child support system is designed to provide children with the financial support required
to help them thrive and ensure they are taken care of. However, one of
the most common issues that come up after a
divorce judgment has been entered is that the noncustodial parent can no longer
to make the monthly child support payments.
When a parent fails to pay child support, he/she can find him/herself in
contempt of court, facing consequences such as wage garnishments, property
liens, and even jail time. Fortunately, there are several resources available
for parents experiencing this type of situation.
Request a Payment Modification
In order to modify child support in California, the noncustodial parent
must experience a "significant change in circumstances" that
results in great financial loss.
The following are common changes in circumstances that are sufficient for
- Getting fired or being laid off from a job
- Substantial changes in income
- Expensive medical bills
- The birth of another child
- Unforeseen additional costs of raising a child
First, reach out to the Office of Child Support Enforcement that originally
issued the order. In a legal document, you must state how your circumstances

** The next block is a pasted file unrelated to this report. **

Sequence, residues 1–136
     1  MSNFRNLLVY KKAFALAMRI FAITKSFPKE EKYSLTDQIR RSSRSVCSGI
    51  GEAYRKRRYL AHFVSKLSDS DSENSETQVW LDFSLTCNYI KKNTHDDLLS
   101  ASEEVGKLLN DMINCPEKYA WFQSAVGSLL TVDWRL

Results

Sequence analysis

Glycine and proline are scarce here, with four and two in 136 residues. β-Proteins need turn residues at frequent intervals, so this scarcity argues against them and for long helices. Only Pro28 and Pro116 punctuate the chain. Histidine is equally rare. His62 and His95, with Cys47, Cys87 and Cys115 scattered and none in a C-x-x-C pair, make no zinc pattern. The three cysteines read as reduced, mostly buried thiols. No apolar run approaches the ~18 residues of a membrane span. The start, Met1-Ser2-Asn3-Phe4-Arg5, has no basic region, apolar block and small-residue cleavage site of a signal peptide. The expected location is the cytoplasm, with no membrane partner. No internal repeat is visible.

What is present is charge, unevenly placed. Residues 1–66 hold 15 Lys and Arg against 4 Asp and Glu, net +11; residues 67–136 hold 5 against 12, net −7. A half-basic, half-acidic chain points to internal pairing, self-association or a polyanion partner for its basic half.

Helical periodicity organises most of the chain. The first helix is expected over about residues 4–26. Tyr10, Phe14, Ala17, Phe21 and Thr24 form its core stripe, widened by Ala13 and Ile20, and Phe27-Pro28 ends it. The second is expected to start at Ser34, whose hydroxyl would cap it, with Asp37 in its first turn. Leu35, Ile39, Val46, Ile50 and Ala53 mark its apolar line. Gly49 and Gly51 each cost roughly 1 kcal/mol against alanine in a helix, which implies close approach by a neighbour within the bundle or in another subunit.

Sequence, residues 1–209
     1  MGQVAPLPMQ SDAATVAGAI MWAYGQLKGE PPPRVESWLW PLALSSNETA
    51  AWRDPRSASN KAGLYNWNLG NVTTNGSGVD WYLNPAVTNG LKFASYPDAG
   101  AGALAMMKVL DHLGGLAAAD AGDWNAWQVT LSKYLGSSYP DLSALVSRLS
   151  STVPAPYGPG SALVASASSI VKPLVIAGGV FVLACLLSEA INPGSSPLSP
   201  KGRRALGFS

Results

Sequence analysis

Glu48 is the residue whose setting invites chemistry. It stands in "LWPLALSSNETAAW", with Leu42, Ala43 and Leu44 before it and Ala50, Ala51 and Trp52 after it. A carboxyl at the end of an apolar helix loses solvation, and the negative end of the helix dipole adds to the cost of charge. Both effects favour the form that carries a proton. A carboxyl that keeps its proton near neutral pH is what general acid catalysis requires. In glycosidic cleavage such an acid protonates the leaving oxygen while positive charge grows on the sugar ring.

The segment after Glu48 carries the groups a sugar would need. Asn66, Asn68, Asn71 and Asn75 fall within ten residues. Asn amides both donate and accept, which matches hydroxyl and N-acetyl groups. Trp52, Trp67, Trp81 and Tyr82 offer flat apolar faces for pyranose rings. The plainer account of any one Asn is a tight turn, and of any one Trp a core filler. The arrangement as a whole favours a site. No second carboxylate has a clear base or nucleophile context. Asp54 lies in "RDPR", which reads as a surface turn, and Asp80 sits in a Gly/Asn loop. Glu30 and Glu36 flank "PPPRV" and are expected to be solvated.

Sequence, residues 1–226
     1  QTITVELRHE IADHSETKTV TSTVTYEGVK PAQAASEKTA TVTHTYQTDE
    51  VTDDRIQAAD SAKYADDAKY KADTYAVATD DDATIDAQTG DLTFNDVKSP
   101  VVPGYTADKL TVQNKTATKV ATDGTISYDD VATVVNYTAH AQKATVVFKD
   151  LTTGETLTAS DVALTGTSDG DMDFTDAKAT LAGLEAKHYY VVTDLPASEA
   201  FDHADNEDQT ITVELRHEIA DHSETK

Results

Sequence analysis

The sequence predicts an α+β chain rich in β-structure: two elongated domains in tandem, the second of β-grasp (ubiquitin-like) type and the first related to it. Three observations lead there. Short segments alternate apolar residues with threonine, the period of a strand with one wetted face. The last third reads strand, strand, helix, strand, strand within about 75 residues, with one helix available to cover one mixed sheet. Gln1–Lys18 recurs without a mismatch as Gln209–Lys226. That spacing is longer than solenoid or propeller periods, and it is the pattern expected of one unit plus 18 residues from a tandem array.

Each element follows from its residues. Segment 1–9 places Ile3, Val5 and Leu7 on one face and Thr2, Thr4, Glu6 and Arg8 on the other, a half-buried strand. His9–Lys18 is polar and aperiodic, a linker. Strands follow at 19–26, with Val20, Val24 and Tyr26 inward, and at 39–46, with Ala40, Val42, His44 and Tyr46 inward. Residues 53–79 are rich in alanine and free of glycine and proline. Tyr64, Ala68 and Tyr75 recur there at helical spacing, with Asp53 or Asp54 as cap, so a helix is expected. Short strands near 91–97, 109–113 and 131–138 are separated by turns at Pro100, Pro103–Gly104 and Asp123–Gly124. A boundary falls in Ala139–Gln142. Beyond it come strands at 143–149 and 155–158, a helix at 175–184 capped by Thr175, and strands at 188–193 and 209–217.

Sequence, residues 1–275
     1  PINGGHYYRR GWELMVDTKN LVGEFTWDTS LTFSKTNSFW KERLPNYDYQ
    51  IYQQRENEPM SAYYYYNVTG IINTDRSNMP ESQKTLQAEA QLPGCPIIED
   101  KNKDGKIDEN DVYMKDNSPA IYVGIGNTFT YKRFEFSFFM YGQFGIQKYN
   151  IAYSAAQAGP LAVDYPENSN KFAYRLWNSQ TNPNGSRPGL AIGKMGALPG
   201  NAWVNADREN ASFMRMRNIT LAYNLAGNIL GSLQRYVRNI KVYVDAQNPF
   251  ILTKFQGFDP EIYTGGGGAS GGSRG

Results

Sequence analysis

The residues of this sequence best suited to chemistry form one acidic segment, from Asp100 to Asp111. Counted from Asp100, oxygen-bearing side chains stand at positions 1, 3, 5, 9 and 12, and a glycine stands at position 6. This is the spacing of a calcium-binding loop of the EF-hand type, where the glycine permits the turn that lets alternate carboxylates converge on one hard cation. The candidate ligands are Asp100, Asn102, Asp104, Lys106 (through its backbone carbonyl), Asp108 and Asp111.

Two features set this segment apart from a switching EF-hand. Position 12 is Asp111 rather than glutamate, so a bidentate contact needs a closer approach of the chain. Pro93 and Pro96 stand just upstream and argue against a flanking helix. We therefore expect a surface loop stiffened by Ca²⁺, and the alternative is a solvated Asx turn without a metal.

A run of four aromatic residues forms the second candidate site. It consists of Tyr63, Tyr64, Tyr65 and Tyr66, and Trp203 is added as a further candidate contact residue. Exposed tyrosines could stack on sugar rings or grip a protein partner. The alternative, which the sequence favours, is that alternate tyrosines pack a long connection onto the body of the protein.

significantly changed adn provide other financial information to prove
If you have a legitimate claim, the Department will figure out a payment
plan which matches your circumstances.
Attempt to Reach an Agreement with the Other Parent
Open communication can reduce tension and build trust in regards to making
child support payments.
No matter how amicable or hostile your relationship is with your ex, it
is critical to speak openly with him/her about your financial situation.
You can try to resolve the issue informally without litigation.
If you cannot reach an agreement with your ex, consider alternative methods
to resolve disputes, such as family law mediation. A mediator can help
you work through your differences and determine terms that both parties
can agree with.
Go to Court
If mediation doesn't work out, then filing a post-judgment modification
action in the family court is the only way. Collect evidence like pay
stubs and living expenses to support your case.
If you are interested in modifying your current child support order in
contact Hanson, Gorian, Bradford & Hanich and request a
free consultation with our experienced family law attorney today.